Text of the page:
And I also wanted to ask if I constructed a wall made out of it, with GCRs and SEPs and Neutron radiation (basically every radiation in space) from the other side, how many kgs per m^2 of H-BNNT would be required to bring the radiation levels below the maximum permissible limit? For example, if I constructed a wall out of polyethylene, then it would be 7 metric tonnes per m^2, according to http://space.alglobus.net/papers/Easy.pdf. I want to know this value, along with the density, for H-BNNT. Please cite your sources as well, since I need to reference this.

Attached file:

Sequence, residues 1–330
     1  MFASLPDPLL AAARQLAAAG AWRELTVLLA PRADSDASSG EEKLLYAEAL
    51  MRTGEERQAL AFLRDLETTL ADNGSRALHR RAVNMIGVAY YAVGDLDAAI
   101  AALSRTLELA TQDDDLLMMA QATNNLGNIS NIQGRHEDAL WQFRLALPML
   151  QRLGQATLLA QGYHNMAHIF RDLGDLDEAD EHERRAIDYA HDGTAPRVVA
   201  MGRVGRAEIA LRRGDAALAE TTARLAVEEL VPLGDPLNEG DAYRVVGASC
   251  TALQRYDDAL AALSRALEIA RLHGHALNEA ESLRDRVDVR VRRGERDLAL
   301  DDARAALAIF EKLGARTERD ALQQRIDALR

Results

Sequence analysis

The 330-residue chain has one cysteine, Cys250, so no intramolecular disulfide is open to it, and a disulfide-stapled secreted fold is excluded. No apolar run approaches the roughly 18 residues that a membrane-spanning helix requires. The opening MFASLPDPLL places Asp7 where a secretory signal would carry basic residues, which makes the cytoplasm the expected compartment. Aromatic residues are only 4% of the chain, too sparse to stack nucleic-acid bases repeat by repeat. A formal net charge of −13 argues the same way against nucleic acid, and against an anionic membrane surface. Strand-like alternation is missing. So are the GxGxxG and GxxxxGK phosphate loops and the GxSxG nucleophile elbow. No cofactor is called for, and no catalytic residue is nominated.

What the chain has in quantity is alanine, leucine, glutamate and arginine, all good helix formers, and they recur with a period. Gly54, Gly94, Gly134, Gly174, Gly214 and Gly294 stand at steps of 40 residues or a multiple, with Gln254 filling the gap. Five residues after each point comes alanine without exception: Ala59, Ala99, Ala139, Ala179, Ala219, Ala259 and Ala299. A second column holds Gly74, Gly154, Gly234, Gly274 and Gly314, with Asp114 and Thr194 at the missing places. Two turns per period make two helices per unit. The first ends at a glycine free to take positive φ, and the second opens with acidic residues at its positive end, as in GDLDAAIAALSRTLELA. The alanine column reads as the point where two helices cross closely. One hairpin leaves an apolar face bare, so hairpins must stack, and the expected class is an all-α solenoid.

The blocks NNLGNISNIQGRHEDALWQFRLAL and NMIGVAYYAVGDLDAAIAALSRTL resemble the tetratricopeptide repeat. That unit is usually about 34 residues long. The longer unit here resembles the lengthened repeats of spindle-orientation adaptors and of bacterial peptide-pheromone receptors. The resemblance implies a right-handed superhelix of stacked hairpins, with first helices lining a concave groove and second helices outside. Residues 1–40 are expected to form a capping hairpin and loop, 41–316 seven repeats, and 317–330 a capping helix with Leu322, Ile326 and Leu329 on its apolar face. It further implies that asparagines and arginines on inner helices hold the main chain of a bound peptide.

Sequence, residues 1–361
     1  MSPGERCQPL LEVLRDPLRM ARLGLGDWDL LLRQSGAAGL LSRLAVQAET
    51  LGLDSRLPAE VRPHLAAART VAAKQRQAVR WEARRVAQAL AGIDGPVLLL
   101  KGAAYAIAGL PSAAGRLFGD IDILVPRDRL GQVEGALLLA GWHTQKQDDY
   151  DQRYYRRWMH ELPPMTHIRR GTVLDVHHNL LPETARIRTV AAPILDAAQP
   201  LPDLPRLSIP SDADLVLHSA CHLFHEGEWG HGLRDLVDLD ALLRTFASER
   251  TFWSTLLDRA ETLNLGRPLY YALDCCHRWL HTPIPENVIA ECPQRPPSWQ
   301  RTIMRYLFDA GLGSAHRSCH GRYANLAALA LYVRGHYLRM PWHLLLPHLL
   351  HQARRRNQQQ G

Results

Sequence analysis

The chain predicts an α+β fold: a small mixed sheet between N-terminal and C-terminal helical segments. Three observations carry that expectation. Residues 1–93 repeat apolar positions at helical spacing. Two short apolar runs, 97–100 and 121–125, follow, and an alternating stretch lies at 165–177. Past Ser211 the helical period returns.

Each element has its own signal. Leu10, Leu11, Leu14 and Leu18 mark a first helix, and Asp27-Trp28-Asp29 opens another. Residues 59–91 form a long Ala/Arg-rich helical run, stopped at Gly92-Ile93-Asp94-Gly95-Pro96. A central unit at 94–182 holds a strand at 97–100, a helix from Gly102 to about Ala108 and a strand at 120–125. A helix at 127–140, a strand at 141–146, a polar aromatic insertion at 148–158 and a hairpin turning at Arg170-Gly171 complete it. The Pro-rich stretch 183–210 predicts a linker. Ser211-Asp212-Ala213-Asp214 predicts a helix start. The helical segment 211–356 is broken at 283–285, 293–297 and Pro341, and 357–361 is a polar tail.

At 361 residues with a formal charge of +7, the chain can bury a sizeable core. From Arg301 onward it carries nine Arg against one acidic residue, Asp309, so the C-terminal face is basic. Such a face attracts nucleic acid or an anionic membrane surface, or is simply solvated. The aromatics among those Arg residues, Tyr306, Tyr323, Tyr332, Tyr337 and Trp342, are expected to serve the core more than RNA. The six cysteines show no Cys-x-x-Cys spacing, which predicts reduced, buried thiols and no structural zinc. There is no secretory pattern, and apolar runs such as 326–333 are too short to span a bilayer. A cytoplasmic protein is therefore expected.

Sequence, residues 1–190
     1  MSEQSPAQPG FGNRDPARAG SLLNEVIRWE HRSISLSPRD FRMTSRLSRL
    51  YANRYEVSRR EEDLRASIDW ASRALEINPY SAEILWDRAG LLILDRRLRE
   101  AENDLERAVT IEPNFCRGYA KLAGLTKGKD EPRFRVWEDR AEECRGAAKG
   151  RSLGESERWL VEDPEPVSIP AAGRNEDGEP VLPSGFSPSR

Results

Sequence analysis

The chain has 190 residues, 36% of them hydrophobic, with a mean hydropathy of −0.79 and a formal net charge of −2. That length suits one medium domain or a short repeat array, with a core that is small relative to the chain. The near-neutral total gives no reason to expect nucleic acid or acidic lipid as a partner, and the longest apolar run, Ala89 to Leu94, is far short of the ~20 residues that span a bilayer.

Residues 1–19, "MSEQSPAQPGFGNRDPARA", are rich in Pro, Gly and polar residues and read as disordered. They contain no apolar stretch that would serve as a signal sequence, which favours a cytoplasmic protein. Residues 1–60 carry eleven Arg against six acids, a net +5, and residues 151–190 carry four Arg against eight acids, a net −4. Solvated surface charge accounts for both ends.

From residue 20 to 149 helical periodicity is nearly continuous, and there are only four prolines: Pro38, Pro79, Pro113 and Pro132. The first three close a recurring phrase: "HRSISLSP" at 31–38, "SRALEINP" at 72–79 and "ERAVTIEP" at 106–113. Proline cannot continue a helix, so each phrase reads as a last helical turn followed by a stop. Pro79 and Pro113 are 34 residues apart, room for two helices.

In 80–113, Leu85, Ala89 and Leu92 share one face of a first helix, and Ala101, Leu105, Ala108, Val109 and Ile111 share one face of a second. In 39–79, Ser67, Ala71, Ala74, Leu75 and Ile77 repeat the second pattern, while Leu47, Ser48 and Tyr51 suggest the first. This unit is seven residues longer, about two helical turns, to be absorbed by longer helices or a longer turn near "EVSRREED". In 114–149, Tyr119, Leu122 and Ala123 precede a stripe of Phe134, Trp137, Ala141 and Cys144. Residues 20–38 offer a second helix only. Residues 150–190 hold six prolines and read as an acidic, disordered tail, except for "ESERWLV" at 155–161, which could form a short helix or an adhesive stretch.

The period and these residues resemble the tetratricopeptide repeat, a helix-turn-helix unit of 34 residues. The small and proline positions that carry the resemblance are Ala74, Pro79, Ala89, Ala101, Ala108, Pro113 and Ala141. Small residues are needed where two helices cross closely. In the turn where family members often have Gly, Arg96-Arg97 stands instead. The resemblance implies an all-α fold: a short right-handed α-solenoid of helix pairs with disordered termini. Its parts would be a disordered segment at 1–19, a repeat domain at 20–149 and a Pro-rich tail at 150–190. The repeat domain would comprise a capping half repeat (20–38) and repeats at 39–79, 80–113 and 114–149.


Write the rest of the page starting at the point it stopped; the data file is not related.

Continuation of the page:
You might be interested in this paper: Properties of H-BNNT for radiation shielding applications. It briefly mentions how the neutron absorbing properties of the material can be used for radiation shielding in space, but the main purpose is to find a value for the density of it. A simulation approach is used (it is not clear if someone has actually managed to produce the material yet), and the paper concludes with a density of
A definitive value for how many kg/m² of shielding material is very difficult to give any measure for. Firstly, the amount of radiation received at various locations in space varies extremely, secondly, tolerable radiation doses is dependent on mission length, and the properties for H-BNNT for non-neutron radiation seems hard to find.
Finally, bringing mass just to act as shielding is a last resort in space exploration as every gram counts. A more common approach is to use for example tanks of waters or the fuel tanks for that purpose.